Comment


                        • #13
                          Originally posted by SoulFetish View Post
                          I rebuilt my discharge leads. Decided to beef em up a little for the stable release of version 2.0
                          Cant have going open on me again.
                          [ATTACH=CONFIG]55994[/ATTACH]
                          Overkill?
                          I'm just getting started in repairing amps and came across this post. In looking to build a cap discharge tool, I've seen that some use lightbulbs in the circuit. Perhaps that would help avoid the above case where a resistor failed open, as you'd see right away that the bulb wasn't lit? thoughts?

                          Comment


                          • #14
                            Originally posted by jy999 View Post

                            I'm just getting started in repairing amps and came across this post. In looking to build a cap discharge tool, I've seen that some use lightbulbs in the circuit. Perhaps that would help avoid the above case where a resistor failed open, as you'd see right away that the bulb wasn't lit? thoughts?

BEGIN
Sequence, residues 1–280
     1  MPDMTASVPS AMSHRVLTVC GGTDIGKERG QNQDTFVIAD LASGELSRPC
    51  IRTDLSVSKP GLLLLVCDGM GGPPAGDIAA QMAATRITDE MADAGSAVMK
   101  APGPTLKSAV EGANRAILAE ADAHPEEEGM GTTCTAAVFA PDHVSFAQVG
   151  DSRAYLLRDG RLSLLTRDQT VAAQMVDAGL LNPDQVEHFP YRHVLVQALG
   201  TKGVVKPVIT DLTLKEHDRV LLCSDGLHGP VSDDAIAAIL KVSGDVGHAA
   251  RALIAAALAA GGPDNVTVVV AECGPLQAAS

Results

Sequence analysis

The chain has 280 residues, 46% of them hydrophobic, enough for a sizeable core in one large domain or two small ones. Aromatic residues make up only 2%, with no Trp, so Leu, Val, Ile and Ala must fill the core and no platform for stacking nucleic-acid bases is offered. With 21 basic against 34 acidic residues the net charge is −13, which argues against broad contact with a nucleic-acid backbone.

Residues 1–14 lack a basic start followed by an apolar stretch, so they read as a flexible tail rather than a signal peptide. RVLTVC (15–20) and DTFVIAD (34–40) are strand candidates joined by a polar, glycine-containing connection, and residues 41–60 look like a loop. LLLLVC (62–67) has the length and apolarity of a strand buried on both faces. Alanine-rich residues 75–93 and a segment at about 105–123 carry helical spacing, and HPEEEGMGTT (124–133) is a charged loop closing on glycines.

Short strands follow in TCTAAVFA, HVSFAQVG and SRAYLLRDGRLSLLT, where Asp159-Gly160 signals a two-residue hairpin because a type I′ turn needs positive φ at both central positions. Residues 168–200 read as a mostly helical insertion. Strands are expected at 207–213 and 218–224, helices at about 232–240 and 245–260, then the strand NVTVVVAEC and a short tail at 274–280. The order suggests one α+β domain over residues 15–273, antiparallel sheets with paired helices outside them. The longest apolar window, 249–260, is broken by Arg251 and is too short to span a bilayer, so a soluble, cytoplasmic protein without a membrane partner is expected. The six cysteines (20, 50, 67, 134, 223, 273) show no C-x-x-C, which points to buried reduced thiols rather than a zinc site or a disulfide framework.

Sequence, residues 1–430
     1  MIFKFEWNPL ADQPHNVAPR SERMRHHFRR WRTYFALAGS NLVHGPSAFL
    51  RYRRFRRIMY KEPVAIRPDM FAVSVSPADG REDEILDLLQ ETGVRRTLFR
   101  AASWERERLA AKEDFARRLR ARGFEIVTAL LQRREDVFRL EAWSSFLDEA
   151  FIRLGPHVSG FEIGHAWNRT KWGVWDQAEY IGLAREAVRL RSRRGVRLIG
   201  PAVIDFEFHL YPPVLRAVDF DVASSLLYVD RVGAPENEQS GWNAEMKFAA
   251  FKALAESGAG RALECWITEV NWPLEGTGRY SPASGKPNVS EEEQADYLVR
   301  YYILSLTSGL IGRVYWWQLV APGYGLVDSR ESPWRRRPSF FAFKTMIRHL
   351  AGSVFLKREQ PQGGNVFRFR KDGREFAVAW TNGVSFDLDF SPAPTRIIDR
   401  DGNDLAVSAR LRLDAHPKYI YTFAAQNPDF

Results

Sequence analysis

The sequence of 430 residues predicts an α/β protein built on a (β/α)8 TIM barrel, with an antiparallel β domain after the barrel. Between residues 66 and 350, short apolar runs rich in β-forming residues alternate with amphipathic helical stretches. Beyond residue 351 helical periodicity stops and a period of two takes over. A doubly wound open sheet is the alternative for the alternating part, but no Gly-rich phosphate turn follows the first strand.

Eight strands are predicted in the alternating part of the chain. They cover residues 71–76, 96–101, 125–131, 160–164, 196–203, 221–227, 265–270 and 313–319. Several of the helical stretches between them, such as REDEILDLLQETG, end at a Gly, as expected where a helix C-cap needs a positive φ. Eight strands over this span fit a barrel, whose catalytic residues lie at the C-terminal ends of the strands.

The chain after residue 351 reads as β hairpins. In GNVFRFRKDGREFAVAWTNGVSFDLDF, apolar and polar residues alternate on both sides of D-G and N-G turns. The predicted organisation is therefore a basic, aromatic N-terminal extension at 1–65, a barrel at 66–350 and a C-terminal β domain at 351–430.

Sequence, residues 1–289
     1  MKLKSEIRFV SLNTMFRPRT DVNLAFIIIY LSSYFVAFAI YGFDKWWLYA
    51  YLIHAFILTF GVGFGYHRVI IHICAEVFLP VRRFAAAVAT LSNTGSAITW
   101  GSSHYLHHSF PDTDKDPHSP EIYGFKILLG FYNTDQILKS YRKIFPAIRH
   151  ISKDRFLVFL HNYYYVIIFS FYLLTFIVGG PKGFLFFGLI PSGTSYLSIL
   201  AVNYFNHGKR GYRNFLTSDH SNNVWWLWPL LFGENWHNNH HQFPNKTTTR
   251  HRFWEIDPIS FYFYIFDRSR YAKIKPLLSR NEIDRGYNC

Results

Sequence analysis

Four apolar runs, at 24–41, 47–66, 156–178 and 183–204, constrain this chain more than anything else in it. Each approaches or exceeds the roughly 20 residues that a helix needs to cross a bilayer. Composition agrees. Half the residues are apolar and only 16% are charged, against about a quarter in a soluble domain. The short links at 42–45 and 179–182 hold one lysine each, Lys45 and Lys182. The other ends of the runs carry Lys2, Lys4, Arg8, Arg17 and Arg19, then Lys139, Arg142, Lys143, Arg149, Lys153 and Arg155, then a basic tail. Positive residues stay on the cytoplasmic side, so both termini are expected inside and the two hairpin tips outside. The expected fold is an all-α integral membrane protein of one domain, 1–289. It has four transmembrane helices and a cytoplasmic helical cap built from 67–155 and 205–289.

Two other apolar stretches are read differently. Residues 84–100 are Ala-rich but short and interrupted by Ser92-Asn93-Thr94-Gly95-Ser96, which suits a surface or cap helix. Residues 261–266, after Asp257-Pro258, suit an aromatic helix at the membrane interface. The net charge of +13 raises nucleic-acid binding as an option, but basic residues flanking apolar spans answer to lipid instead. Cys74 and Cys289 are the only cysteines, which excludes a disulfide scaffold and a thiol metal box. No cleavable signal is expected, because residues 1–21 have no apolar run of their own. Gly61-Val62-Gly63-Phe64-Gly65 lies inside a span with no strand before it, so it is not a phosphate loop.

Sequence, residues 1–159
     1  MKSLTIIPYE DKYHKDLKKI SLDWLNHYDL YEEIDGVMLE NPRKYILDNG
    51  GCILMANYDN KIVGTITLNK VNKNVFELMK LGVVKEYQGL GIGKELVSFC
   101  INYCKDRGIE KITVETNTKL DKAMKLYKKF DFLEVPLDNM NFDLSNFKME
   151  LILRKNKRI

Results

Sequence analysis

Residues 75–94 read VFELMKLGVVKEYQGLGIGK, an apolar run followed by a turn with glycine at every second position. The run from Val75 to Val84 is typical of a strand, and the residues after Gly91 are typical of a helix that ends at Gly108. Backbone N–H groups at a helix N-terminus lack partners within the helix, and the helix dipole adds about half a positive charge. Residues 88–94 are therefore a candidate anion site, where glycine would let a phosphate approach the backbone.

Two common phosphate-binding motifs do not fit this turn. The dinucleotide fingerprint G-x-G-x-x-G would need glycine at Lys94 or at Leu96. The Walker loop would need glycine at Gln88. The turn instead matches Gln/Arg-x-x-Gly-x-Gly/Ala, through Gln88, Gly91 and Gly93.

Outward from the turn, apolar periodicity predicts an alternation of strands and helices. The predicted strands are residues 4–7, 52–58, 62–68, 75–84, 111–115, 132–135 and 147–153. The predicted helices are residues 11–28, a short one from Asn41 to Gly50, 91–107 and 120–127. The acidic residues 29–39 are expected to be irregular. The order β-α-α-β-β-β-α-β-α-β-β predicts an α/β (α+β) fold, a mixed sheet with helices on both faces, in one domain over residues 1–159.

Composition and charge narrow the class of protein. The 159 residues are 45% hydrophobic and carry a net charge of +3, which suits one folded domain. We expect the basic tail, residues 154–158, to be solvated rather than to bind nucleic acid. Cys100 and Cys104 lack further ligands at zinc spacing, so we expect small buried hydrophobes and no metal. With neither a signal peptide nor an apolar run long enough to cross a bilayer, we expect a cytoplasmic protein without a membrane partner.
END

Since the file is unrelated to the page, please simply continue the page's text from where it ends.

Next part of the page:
The light bulb limiter would only fail to light if there was an open circuit in the AC power supply inside the amplifier chassis. I've never seen this happen, but I'm not a repair tech. It's main purpose is to keep things from popping as they might under full current AND as a diagnostic tool because you can read some symptoms based on the brightness of the bulb (I won't cover it here though. Some searching here will reveal best practice and use.)
                            "Take two placebos, works twice as well." Enzo

                            "Now get off my lawn with your silicooties and boom-chucka speakers and computers masquerading as amplifiers" Justin Thomas

                            "Being born on third base and thinking that you must have hit a triple is pure delusion!" Steve A

                            Comment


                            • #15
                              On another note relative to this older thread...I don't have a "discharge tool". I just use a straight alligator clip lead connected to the plate end of a preamp tube and put the standby switch in the play position. It takes a little longer through a 100k resistor than it might otherwise, but I'm not usually in that much of a hurry. I just hook it up and let it do it's thing while I'm doing something else like firing up other bench gear and heating the iron, etc. No special unitask tool required. ALWAYS TEST VOLTAGE ON THE CAPS AFTER DISCHARGING BEFORE PROCEEDING!!!
                              Last edited by Chuck H; 09-03-2020, 01:22 AM.
                              "Take two placebos, works twice as well." Enzo

                              "Now get off my lawn with your silicooties and boom-chucka speakers and computers masquerading as amplifiers" Justin Thomas

                              "Being born on third base and thinking that you must have hit a triple is pure delusion!" Steve A

                              Comment